European elections are 1st electoral setback for Sweden’s populist party with far-right roots

 COPENHAGEN, Denmark (AP) — The elections in Sweden to the European Parliament marked the first electoral setback for the Swedish populist party with far-right roots that grabbed more than 13% of the votes but came fourth, according to preliminary figures Monday. That made Sweden one of the few countries in Europe where the far-right is [[{“value”:”

COPENHAGEN, Denmark (AP) — The elections in Sweden to the European Parliament marked the first electoral setback for the Swedish populist party with far-right roots that grabbed more than 13% of the votes but came fourth, according to preliminary figures Monday. That made Sweden one of the few countries in Europe where the far-right is in retreat.

The Sweden Democrats — the Scandinavian country’s second largest group in the Swedish parliament — grabbed 13.2 % of the votes, down 2.2%, and would keep their three seats in the EP assembly, according to preliminary figures.

They came in behind the opposition Social Democrats, Prime Minister Ulf Kristersson’s conservatives Moderates and the Greens, which made some of the largest gains Sunday in the EU election for Sweden’s 21 seats. The Social Democrats grabbed nearly one-fourth of the votes and would get five seats while the Moderates would get four and the Greens three.

The poor showing by the Sweden Democrats was “the election night’s greatest sensation,” said Mats Knutson, the political analyst with Swedish broadcaster SVT.

He said the reasons for the poor showing could be that the party faced a storm of criticism after a television station had alleged that it had been operating fake social media accounts, badmouthing political opponents and allies, spreading doctored videos and posting racist remarks. Knutson also noted that the migration issue wasn’t particularly important to voters this time.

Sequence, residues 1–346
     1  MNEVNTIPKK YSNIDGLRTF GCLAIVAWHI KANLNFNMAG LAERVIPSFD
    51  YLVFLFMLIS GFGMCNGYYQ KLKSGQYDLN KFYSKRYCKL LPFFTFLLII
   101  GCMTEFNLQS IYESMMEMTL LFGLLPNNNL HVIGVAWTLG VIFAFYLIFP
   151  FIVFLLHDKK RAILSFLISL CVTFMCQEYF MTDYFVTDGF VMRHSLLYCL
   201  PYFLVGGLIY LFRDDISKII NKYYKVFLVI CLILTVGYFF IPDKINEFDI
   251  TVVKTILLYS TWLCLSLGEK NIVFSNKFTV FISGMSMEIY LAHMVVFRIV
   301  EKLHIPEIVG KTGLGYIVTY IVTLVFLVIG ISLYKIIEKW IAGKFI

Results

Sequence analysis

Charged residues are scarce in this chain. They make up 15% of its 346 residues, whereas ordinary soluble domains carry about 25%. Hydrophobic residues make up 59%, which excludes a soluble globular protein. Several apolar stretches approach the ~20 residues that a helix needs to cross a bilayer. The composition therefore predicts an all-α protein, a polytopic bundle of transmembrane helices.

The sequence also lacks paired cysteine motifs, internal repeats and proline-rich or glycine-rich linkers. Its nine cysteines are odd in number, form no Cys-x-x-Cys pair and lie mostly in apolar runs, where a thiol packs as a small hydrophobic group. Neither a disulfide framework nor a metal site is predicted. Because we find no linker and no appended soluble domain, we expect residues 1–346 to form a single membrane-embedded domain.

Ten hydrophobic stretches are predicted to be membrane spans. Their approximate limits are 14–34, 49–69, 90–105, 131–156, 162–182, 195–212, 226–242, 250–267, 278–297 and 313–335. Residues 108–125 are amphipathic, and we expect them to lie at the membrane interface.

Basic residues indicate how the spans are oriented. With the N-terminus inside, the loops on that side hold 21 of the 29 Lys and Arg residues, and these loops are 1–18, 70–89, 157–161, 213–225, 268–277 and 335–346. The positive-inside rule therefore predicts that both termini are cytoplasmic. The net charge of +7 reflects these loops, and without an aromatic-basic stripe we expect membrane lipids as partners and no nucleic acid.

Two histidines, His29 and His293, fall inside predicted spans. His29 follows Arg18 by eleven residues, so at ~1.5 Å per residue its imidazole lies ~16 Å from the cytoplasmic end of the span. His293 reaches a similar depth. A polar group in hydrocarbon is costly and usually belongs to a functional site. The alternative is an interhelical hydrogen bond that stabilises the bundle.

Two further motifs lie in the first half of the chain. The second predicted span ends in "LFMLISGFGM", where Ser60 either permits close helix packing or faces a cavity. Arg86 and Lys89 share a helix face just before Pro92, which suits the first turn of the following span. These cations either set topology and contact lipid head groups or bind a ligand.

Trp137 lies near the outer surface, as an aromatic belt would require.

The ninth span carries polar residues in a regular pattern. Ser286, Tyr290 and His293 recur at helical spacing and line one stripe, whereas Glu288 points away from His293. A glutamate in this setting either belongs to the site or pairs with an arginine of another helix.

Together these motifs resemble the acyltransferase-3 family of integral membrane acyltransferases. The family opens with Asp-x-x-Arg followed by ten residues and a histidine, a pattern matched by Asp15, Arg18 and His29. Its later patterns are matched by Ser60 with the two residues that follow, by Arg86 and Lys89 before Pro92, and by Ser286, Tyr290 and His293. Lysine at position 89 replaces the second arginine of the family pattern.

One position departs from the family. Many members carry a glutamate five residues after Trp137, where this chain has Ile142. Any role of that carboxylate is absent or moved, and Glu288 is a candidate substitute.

Christine Nissen, an analyst with the Copenhagen-based think tank Europa, said that migration wasn’t the top issue in northern Europe in contrast to southern Europe where “issues such as migration are important for the voters there.”

The Sweden Democrats, who today support membership in the 27-member bloc, have toned down their rhetoric and expelled openly racist members. Since then, they have grown from a marginal movement with less than 2% support to becoming the country’s second-biggest party.

In the 2022 parliament elections, the Sweden Democrats, who won nearly 21% support — up from 17.5% four years ago — gained on the rising fears of crime in largely immigrant neighborhoods in segregated districts that are home to large numbers of migrants who have failed to integrate into Swedish society.

The party which maintains a hard line on immigration, supports Sweden’s three-party center-right government in the 349-member Riksdag, but is not part of it. Kristersson’s government has been moving toward a tougher stance on criminal gangs by increasing prison sentences for gang members and introducing stop-and-frisk zones for police to crack down on crime.

The Associated Press




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